Exposure trend, which we view as a partial offset to loss cost trend, reflects the additional premiums an insurer receives driven by growth in underlying inflation sensitive exposure basis. When taking this exposure mitigant into account, our current North America commercial loss cost trend net of these inflationary exposure benefits is approximately 4%. Additionally, our North America commercial accident year loss ratio, ex CAT, is booked at 63% year to date, which is consistent with pure actuarial rate over loss cost and exposure trends but is a pure numerical approach and does not reflect our improved risk selection and continued improvement in terms of conditions. Those benefits will emerge over time.

As we discussed on prior calls, since 2018, we have implemented a clear ventilation strategy in our casualty, financial lines and property portfolios that directs our capacity deployment toward higher average attachment points, which is a strong defensive measure toward rising inflation. And this strategy continues today. We also implemented the strategy in our AIG risk management loss-sensitive workers’ compensation business. And over the last few years, average deductibles have increased 30% to $1.3 million.

Turning to personal lines. In North America personal, net premiums written declined nearly 4% driven by a reduction in warranty, which was partially offset by a rebound in travel. In international personal, net premiums written declined 4% on FX-adjusted basis also due to a reduction in warranty and partially offset by growth in accident and health and travel. Now I’d like to spend a few minutes on our high-net-worth business.

This is a business we will continue to invest in where there are attractive opportunities for profitability improvement. Over the last two years and through the second quarter, we’ve already invested $140 million to improve digital workflow, data, a customer interface that will provide enhanced insight and value to distribution partners and policyholders. The actions we are taking are designed to position this business to be more balanced with less density and lower volatility in order to provide more sustainable financial results. Let me review some of the market dynamics impacting this business that have created significant complexity and the resulting actions we are taking to reposition the portfolio.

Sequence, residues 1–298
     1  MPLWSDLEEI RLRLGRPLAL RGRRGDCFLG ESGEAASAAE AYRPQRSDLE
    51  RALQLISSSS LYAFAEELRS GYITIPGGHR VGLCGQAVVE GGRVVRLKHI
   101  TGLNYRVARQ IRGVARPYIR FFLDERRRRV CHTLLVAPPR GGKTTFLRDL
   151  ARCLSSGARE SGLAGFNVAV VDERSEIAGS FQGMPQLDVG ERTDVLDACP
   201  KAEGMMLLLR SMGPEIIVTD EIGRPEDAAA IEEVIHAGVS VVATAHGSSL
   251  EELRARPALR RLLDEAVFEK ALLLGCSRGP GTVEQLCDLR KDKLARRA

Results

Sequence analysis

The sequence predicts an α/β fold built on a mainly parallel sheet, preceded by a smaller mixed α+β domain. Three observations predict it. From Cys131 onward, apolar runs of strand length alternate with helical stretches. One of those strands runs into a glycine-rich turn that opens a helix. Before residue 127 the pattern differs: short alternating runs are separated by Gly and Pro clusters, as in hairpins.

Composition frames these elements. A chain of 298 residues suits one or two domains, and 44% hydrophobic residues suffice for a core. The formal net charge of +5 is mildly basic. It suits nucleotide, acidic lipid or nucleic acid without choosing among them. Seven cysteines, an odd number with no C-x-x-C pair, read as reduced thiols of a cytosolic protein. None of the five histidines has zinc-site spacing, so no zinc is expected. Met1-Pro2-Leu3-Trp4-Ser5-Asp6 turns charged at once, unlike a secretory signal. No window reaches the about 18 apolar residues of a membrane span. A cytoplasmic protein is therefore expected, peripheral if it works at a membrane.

Currently, the level of reinsurance we purchased and the commensurate model ceded profit is a headwind to net premiums written growth and combined ratio improvement. This has been intentional as we are not willing to take volatility on frequency or tail risk on CAT in our high net worth business. Adding to this, the inability to pass on increased loss and reinsurance costs through rate increases or limit management largely due to regulatory constraints further deteriorates margin in the short run. But we have made a deliberate decision to continue writing this business as we believe the trade-off is appropriate in the near term given the opportunity we see over the long term.

And while each of our CAT-exposed businesses has different attributes, I don’t see reinsurance costs for the high net worth market generally becoming less expensive for the foreseeable future, but instead, seeing it putting pressure on the segment. In fact, for a business that is primarily underwritten in peak zones with high total insured values, reinsurance costs will likely increase and, in some cases, materially. To understand the complexity of reinsurance for peak zones, you need to look no further than in what has happened in the retrocessional market over the last few years. While overall small market, retrocession provides approximately $60 billion of available limit across various structures, of which roughly $20 billion is indemnity-based for reinsurers with this capacity primarily supported by alternative capital.